Keepass Database in Cloud/Network

2013-09-24
2013-10-17
  • Is it safe to have the Keepass Database on a cloud or network server whereas the keyfile is kept locally on e.g. a USB-stick. My concern is that the access data (user, passsword) is sent decrypted from the cloud to the local device, or that it could be copied during the time it is visible locally.
    I would like to access my keepass data from anywhere and only carry the keyfile with me.
    Gerrit

     
  • steelej
    steelej
    2013-09-24

    The KeePass database is encrypted when stored anywhere and the encrypted database file must be transferred from the cloud to your local computer before it can be decrypted. Your passwords are never transferred in plaintext over the internet. Your database is never stored in plaintext on the cloud.

    For the more paranoid (like me) who do not have confidence in DropBox there are cloud storage services such as TeamDrive which encrypt the datafile again.

    I use the syncronisation feature to replicate a copy via the cloud to each of my computers and Android phone and for the computers use triggers to syncronise a purely local copy with the replicated cloud copy.

    I don't use a keyfile but that is a personal choice - it is a good solution if you are the only user of the database.

     
    • liam
      liam
      2013-10-03

      well keyfile can be used just as long as you do not own a iphone or ipad or windows phone (not sure if windows phone supports keyfile)

      android is fine as you can manually copy the keyfile to the phone and have a screen lock on the phone so if its lost your keyfile is not compromised (some phones have encryption as well)

       
    • gmnenad
      gmnenad
      2013-10-17

      Is this "database file must be transferred from the cloud to your local computer" really true?
      I use Keepass with database on networked share, and I never manually "transfer" database - Keepass just opens it on networked share. So, two questions remains:
      1) does Keepass internally copy whole file in device memory, and then use my password/work with it in-memory only?
      2) or does Keepass work with file remotely, and if that is the case, is my password ever used over network?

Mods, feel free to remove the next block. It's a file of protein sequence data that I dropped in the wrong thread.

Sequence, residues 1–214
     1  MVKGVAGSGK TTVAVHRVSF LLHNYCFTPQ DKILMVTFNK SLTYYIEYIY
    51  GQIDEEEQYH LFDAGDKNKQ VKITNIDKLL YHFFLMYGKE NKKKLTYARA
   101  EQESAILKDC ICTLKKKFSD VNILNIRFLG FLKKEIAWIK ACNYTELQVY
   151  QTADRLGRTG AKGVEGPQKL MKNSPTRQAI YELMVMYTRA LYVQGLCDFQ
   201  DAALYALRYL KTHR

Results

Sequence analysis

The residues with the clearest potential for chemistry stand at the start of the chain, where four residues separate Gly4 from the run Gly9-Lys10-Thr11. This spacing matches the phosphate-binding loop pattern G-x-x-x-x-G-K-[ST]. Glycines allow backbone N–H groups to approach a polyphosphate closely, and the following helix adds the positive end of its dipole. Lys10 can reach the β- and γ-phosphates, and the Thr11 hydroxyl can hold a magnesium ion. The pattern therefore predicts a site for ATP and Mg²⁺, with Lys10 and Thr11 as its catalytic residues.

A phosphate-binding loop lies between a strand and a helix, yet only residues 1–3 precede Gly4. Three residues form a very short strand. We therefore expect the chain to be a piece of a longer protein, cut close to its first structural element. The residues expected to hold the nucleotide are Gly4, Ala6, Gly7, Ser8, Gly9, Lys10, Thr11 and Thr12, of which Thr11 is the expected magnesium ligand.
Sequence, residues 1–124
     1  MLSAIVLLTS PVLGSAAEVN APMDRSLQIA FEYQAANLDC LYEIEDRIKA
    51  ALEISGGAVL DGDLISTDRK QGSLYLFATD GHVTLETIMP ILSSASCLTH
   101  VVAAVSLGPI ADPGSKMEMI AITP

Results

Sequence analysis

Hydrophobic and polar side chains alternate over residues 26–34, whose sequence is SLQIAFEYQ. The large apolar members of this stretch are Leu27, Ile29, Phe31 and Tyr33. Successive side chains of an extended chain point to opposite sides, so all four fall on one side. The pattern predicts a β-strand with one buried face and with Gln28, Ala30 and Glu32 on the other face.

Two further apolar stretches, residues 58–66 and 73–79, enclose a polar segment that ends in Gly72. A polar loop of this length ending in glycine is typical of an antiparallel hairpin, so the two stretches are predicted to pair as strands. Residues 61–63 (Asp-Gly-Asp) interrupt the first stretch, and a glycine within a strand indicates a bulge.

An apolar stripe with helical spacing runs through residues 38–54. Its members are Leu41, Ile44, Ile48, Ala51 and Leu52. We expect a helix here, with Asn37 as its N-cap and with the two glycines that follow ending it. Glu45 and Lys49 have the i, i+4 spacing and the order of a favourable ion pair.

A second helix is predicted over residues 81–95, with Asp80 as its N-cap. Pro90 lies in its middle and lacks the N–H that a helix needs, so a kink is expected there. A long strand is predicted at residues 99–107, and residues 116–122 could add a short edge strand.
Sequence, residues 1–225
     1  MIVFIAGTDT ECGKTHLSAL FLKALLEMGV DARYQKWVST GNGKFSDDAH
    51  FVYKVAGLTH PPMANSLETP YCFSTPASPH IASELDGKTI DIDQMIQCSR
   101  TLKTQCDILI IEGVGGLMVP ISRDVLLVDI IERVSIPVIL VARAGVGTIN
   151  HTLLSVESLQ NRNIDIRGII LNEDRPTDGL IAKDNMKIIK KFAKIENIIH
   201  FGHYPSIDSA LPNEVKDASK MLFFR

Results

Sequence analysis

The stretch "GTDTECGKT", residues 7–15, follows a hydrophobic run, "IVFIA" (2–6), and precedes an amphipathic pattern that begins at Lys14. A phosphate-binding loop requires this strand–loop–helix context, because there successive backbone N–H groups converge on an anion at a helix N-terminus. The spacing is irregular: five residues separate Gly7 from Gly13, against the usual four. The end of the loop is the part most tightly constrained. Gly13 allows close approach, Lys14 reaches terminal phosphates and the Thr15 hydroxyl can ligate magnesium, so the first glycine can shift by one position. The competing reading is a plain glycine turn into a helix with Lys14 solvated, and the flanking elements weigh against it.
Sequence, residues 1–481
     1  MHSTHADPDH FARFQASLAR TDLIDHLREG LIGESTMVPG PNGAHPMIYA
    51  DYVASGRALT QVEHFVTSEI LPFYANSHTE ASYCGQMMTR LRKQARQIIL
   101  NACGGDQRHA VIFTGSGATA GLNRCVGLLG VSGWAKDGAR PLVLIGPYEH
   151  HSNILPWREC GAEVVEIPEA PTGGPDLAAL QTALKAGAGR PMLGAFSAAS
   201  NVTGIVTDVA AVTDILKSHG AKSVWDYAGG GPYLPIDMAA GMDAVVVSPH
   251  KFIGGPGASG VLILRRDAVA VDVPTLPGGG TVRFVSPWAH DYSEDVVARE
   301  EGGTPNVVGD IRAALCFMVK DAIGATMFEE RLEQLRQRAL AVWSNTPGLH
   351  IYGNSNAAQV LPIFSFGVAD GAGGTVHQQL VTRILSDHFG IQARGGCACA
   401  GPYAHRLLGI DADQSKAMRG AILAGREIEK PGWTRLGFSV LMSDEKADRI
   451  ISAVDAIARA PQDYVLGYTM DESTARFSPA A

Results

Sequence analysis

Bottomline question that I have (and I bet original poster had)is:

      Is Keepass secure to be used with database on remote network share? Is someone who can monitor network traffic able to get any more info, compared to someone who just get database file?

       
      • Paul
        Paul
        2013-10-17

        1) does Keepass internally copy whole file in device memory, and then use my password/work with it in-memory only?
        2) or does Keepass work with file remotely, and if that is the case, is my password ever used over network?

        1 is correct. Your password is never transferred over anything.

        Is Keepass secure to be used with database on remote network share? Is someone who can monitor network traffic able to get any more info, compared to someone who just get database file?

        Yes, KeePass is safe, no unencrypted data is ever transferred anywhere.

        cheers, Paul

         
  • Paul
    Paul
    2013-09-25

    Using a key file across multiple platforms is difficult - you can't plug a key into your phone / pad.

    cheers, Paul

     
  • wellread1
    wellread1
    2013-09-25

    If you keep a key file on each end node outside of the the cloud folder, the key file provides additional protection in the event the cloud storage account is compromised externally. If the key file is kept in the user's possession and is not available to the end nodes except on demand, then it provides protection everywhere. If it is kept on the end nodes, it provides NO protection at the end node, but still provides protection at the cloud account level. There is additional management overhead incurred by using a key file (the risk of key file loss must be managed) so you must make a risk benefit analysis to determine whether it is a good choice in your situation.

     
    Last edit: wellread1 2013-09-25
    • The issue of key file loss can be addressed by choosing a key file that can be reconstructed from memory if necessary (e.g. a moderately long text, a specifically described image). Note that the reconstruction must be bit-perfect (e.g. texts must have precisely the same punctuation, capitalization, and linefeed characters; images must be pixel-perfect and color-exact). Also, there isn't much point to having a key file if it isn't contributing significantly more entropy than the password (128 bits requires at least 128 characters, probably more, of natural-language text, for example). And, of course, it shouldn't be something that somebody else could discover (e.g. a text or image taken from some generally available source).

       
      Last edit: Stephen Brinich 2013-10-02
  • Charles Bueche
    Charles Bueche
    2013-10-01

    The paranoid would think another way:
    - AES is approved by the NSA
    - Dropbox is a US company
    So the paranoid would better use some personal cloud (eg WebDAV over SSL, with self-signed cert) and a set of algorithms designed elsewhere.

    off-topic : I'm still using the famous IDEA crypto for GnuPG. F..c NSA.

     
    • mxx
      mxx
      2013-10-07

      Dropbox doesn't need to be a US company to have a horrible security track record. :)
      They had holes in their security than my tennis racket.

      Having said that, since KeePass's database file is encrypted locally and if your encryption is protected with good password and many transformation rounds (let's say 50 million), having your db file publicly accessible is not that big of a deal.

      I'd worry more about Dropbox's security problems where somebody can outright delete your file and you have no backups otherwise than somebody getting inside of your file.